The Debate

Constructing China’s Claims to the Senkaku

The claims that both the PRC and Taiwan make to the islands are both recent and flawed, argues one blogger.

An astonishing thing occurred in 1971: after decades of complete ignorance, the two Chinese governments in Taipei and Beijing both suddenly discovered that they owned the Senkaku Islands. That's right. Prior to 1971, neither government believed that it owned the Senkaku (Diaoyutai, in Chinese). Maps and texts from both governments during the period between 1895, when Japan seized the islands, and 1971, when the claim was first mentioned, have three things in common: (1) they always assign their sovereignty to Japan; (2) they refer to them using the Japanese names; and (3) they never refer to the disputed status of the islands. Simply put, there was no "dispute" over the Senkaku until after scientists raised the possibility of oil in the area in the late 1960s.

It remains a mystery to this writer as to why this simple fact is never mentioned in media reports. It is not difficult to find this out. A 2012 paper in Asian Affairs by Yap et al gives a rundown of how the Republic of China government in Taipei altered its maps and texts to reflect this historically novel claim. Official National Atlas of China maps produced by Taipei in 1959, 1963, and 1967 all show the Senkaku as Japanese (part of the Ryukyu), use their Japanese names, and do not refer to any dispute in their status. For the 1972 edition the maps were altered to show the Senkaku as ROC territory, using their Chinese name, and an official declaration that borders were not necessarily official was printed on the maps for the first time. However, preparation was hasty and the index still referred to the Senkaku as Japanese. Other official texts were similarly altered. Prior to 1971, official statistical abstracts identified Taiwan's northernmost point as Pengjia Islet, just off the northeast coast of Taiwan. However, after 1971, islands in the Senkaku were presented as the northernmost and easternmost points of Taiwan.

The situation for the PRC is similar. Though nothing academic appears to be out there, this excellent post rounds up many official texts and maps from the Beijing side. In fact, down to 1969 maps produced by Beijing show the Senkaku as undisputed Japanese territory, while Beijing's Taiwan maps never connected the Senkaku with Taiwan. As with Taipei, official statistical abstracts listed Pengjia Islet as Taiwan's northernmost point until 1971. This 1953 Renminerbao piece identifying the Senkaku as Japanese and using their Japanese names is well known. After forty years of "dispute" periodic declamations that the Senkaku belong to China by officials from Beijing and Taipei are a staple of Sino-Japan relations. The reader is invited to search for such declarations prior to 1970.

In addition to altering maps, Chinese apologists also alter geography and pillage history. A recent piece in The Diplomat, transmitting Chinese claims, contended that the "Black Water Trench" constituted a boundary between the Senkaku and the Ryukyu Islands. In reality, the Black Water Trench/Ditch, noted in ancient travelogues, was a notoriously dangerous feature of the Taiwan Strait between China and Taiwan. It marked the boundary between Xiamen and the Penghu Islands, hundreds of kilometers away from the Ryukyu.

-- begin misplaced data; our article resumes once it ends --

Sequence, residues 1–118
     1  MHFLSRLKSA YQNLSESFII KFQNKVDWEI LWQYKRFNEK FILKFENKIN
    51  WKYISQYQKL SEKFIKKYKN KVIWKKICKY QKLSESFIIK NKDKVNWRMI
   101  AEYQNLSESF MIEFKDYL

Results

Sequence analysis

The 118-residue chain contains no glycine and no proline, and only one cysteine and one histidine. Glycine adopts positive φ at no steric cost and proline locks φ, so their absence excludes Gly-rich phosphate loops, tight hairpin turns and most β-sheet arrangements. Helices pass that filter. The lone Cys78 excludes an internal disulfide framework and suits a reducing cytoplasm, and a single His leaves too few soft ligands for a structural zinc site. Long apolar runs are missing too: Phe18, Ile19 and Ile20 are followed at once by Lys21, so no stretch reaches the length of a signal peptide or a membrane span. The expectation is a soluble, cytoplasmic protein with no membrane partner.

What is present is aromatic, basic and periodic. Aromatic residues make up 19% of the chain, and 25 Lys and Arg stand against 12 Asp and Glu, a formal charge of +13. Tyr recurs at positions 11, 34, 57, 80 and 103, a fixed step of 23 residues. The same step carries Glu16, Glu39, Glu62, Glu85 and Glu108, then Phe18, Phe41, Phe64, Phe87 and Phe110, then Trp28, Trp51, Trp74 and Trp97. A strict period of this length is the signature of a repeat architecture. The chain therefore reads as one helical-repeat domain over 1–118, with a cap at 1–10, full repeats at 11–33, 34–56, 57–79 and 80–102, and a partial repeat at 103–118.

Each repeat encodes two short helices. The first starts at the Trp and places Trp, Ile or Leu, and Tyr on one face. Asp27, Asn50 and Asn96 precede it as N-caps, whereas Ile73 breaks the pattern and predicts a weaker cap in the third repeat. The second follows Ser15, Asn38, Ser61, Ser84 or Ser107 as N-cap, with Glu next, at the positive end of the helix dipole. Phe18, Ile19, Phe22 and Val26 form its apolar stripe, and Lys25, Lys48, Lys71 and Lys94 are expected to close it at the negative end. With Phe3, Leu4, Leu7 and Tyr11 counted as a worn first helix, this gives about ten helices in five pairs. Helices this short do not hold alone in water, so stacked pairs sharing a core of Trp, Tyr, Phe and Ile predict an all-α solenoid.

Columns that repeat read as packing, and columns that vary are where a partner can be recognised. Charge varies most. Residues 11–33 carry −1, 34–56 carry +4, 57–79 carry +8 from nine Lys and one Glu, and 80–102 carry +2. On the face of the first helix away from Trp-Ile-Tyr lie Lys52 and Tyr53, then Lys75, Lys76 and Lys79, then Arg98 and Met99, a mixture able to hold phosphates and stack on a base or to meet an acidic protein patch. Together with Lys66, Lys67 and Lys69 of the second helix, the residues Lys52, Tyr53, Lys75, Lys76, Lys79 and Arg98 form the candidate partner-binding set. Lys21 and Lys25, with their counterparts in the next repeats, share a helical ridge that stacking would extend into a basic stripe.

The Diplomat piece also referenced Han-yi Shaw's recent New York Times piece. Shaw writes "And according to Taiwan gazetteers, 'Diaoyu Island accommodates ten or more large ships' under the jurisdiction of Kavalan, Taiwan." At the bottom, Shaw later added images of three gazetteers from 1722, 1852 and 1872. The reader could be forgiven for assuming that there is some continuity of administration from 1722 to 1872 based on Shaw's construction. In fact, the first stable Chinese settlement in Kavalan (modern day Yilan) was only in the 1790s; there was no Kavalan administration in 1722. Worse, the 1871 text imaged at the top of the commentary says "1000" ships, not ten, at the harbor "over the mountain (island)." The Senkaku have no such harbor, though over the mountain from Yilan is the large harbor of Keelung. Moreover, while in his New York Times piece Shaw refers to the islands being under the jurisdiction of Kavalan, in his academic work Shaw translates that as being simply within the defense boundary. Shaw's presentation is thus highly misleading.

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The Senkaku Islands "dispute" shows one of China's most important and least acknowledged forms of soft power: outsiders view it as exotic and opaque, giving undeserved weight to its territorial claims on its neighbors, all 20th century re-interpretations, as questionable as Chinese milk powder. The current link both Chinese governments make between Taiwan and the Senkaku shows how China makes its spurious claims reinforce each other. Finally, the "dispute" also highlights a key function of China's claim to 5,000 years of history: its creation of a faux historical continuity which can then be quote-mined and re-interpreted for support for China's modern and wholly anachronistic expansionist territorial claims.

Michael A. Turton blogs at the View from Taiwan.